Hi

I am struggling with this method-my book does not explain it very well.

Can anybody recommend a method to follow? or maybe an example on line?

thanks

John

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- Aug 7th 2011, 03:30 AMceltic1234Point of intersection of two curves
Hi

I am struggling with this method-my book does not explain it very well.

Can anybody recommend a method to follow? or maybe an example on line?

thanks

John - Aug 7th 2011, 04:32 AMBacteriusRe: Point of intersection of two curves
Let the two curves be defined by the equations $\displaystyle y_1 = f(x_1)$ and $\displaystyle y_2 = g(x_2)$. The points of intersection of these two curves is defined as the solutions to the conditions $\displaystyle x_1 = x_2$ and $\displaystyle y_1 = y_2$. Substituting the curve equations into the previous equation, we get $\displaystyle f(x_1) = g(x_2)$, and since $\displaystyle x_1 = x_2$, this is equivalent to $\displaystyle f(x_1) = g(x_1)$. Let $\displaystyle x_1 = x$ for simplicity, and it follows that solving $\displaystyle f(x) = g(x)$ is equivalent to finding the x-coordinates of all the intersections between the two curves.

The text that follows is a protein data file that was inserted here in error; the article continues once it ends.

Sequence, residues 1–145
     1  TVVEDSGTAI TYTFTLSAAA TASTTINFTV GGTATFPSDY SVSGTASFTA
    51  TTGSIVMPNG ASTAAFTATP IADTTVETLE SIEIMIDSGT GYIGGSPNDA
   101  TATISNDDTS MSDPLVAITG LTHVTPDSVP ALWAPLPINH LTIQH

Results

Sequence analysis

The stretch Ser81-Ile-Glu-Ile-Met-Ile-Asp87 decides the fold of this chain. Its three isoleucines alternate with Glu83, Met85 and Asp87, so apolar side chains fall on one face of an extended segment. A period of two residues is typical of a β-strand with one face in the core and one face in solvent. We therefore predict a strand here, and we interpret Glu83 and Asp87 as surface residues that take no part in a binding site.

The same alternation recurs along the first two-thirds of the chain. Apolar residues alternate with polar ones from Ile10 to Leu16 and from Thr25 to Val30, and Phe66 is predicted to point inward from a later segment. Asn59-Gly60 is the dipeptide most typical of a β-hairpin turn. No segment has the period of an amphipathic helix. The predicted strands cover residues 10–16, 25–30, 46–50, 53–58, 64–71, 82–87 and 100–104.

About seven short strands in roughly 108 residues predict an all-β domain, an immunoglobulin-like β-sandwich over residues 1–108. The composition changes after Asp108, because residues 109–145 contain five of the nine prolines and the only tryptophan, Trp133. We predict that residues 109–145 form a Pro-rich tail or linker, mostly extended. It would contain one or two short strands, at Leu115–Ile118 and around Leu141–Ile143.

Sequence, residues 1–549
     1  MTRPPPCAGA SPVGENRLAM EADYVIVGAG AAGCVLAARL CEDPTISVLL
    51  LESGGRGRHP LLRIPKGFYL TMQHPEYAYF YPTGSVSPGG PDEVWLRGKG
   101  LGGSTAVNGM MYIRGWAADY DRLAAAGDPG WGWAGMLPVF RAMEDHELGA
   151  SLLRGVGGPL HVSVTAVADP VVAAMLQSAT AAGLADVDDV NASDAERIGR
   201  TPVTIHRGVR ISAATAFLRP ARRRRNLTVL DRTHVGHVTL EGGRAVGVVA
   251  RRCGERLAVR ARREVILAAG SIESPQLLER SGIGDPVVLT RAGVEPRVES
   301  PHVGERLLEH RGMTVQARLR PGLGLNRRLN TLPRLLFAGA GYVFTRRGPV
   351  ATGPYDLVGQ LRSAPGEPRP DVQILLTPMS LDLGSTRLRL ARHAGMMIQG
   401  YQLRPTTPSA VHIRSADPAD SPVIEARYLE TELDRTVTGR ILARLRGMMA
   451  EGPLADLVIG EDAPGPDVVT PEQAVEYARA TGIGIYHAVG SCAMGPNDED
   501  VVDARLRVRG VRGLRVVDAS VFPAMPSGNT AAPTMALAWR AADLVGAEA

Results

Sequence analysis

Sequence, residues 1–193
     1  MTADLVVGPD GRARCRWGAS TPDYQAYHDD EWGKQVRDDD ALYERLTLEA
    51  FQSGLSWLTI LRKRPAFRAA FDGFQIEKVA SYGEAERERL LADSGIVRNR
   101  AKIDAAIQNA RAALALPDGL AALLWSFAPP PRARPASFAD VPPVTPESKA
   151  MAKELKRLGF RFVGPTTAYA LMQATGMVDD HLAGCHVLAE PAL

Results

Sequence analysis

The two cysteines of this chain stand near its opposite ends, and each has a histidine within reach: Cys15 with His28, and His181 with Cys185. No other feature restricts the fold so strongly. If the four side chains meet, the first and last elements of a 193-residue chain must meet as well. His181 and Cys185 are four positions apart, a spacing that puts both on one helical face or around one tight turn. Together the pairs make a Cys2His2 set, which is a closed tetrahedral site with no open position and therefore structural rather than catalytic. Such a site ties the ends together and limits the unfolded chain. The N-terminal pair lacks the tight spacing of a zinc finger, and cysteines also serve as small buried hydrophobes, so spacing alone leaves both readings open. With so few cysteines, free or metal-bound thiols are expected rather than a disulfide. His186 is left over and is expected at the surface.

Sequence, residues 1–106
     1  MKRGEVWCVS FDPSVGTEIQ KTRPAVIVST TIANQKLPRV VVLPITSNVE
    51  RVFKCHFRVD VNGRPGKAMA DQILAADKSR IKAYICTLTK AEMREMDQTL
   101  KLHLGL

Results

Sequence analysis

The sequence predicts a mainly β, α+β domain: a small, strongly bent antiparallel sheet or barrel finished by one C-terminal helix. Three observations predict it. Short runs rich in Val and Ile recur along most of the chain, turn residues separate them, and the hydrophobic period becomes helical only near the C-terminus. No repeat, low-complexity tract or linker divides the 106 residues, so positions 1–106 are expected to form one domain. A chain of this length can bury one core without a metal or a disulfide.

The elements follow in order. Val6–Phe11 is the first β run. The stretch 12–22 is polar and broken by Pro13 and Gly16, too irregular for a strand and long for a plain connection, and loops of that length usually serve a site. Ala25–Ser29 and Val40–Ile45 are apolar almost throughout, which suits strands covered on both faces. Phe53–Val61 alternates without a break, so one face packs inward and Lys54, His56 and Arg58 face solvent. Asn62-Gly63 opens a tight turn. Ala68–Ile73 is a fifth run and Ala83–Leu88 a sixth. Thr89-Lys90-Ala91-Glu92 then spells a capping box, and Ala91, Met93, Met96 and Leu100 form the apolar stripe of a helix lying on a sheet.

So for instance if you want to find the points of intersection of the equations:

$\displaystyle y = x^2 + 2x - 1$

$\displaystyle y = 2x + 3$

You will want to solve $\displaystyle x^2 + 2x - 1 = 2x + 3$, which simplifies to $\displaystyle x^2 - 4 = 0$. The solutions are therefore $\displaystyle x = \{-2, 2\}$, and substituting back these x-values into either of the curve equations will give you the y-coordinates of the points of intersection, which are $\displaystyle y = \{-1, 7\}$ respectively. Thus the points of intersection are $\displaystyle (-2, -1)$ and $\displaystyle (2, 7)$. - Aug 8th 2011, 12:23 PMceltic1234Re: Point of intersection of two curves
thanks for your help

John